Local News

Roanoke Rapids charity rebuffs turban-wearing donor

Posted November 20, 2008
Updated November 22, 2008

— A Halifax County man was turned away from a local mission when he refused to remove his turban while trying to make a donation.

When Gary Khera, went with his wife to the Union Mission on Roanoke Avenue to make a donation, a staffer asked him to remove his turban.

"She said, 'Sir, you have to take your turban off. This is the United States,'" Khera recounted. "That made me a little upset. I am a United States citizen."

Khera, citing his religious beliefs, declined. He is a Sikh with dual U.S. and Indian citizenship. Followers of Sikhism do not cut their hair, and men commonly wear long beards and turbans.

Florence Williams, the mission's in-take director, countered with the facility's policy that requires that men remove head coverings indoors. Rev. Ron Weeks, executive director of the mission, seconded her argument.

“He wanted to become argumentative, and I asked him to please leave,” Weeks said.

Offended, Khera left and took his money with him. He said that he and his wife have given to the mission in years past, always by mailing a check. This year, he wanted to see where his donation was going.

The mission building contains a chapel, and employees consider the entire building "the Lord's house," Weeks said. A sign in the lobby outlines the policy against hats or other headwear inside.

"We have policy, and he didn't want to abide by it," said Weeks. "He gave the receptionist a bad time and decided to do a vengeance thing because he didn't get his own way. This was nothing to do with the turban, nothing to do with his faith."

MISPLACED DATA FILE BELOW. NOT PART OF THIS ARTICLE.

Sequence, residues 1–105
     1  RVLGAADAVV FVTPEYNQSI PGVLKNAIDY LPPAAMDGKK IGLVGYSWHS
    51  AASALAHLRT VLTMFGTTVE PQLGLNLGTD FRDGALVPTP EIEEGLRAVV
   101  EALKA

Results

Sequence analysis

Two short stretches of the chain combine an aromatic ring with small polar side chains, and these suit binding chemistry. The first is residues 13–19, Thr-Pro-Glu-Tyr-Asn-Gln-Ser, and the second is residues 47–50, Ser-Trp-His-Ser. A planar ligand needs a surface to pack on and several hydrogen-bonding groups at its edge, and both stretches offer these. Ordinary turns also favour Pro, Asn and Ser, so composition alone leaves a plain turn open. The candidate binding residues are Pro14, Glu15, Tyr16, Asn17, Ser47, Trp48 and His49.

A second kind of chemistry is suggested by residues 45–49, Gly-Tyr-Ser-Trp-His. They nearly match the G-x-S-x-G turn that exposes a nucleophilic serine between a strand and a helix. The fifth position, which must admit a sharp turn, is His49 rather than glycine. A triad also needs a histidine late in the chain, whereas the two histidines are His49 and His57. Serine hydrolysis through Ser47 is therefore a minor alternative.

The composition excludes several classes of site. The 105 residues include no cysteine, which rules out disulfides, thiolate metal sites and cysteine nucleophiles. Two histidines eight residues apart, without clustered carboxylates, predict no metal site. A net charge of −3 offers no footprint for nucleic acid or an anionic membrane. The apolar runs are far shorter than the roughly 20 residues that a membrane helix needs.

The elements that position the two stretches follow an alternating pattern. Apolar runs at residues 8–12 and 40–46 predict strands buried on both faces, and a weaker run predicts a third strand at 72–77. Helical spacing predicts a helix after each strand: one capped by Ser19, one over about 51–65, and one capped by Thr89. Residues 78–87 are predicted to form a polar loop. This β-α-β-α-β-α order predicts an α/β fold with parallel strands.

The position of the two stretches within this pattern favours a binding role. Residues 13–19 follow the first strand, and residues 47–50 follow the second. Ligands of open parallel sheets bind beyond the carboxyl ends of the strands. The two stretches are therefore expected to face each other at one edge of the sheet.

Weeks said the mission would welcome Khera's donation if he mailed it or had his wife bring it in.

Khera denied that he was disruptive or argumentative. He asserts that he calmly tried to explain that he was there to give a donation.

Now he'll take his money elsewhere.

"They should not turn away a donation for the needy, because they misunderstood someone else's religion," he added.

Weeks said he may consider changing the policy because of the incident.


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  • happymom Nov 21, 2008

    I wouldn't give to this organization after such a ridiculous scene. They obviously don't need the money. That, or their zenophobia kicked in and they mistaked this man for an "Arab/Muslim terrorist."

    Never mind. It couldn't **possibly** be that because we are such a tolerant country. They really must not need the money.

  • workingforthosethatwont Nov 21, 2008

    If you don't like the rules I have a simple suggestion. GO HOME!

  • prayin4tr Nov 21, 2008

    Correct me if I'm wrong, but before we all get behind our turban wearing friend, let's consider the fact that he owns/operates a strip club called the gentleman's playground in rocky mount as he once operated one in roanoke rapids. If his belief system were truly pure, I doubt he would use this type business to generate his money for donations. The belief in moral purity cited in the definition of his religion doesn't usually coincide with "Let's hear it for Destiny."

    As long as he is legally making the money to donate who are we to judge? This town is so close minded. I know Gary. He is a very kind man. If his religion requires him to wear a turban who are they to tell him to remove it? Do you think the homeless hungry people care what was on his head when he donated?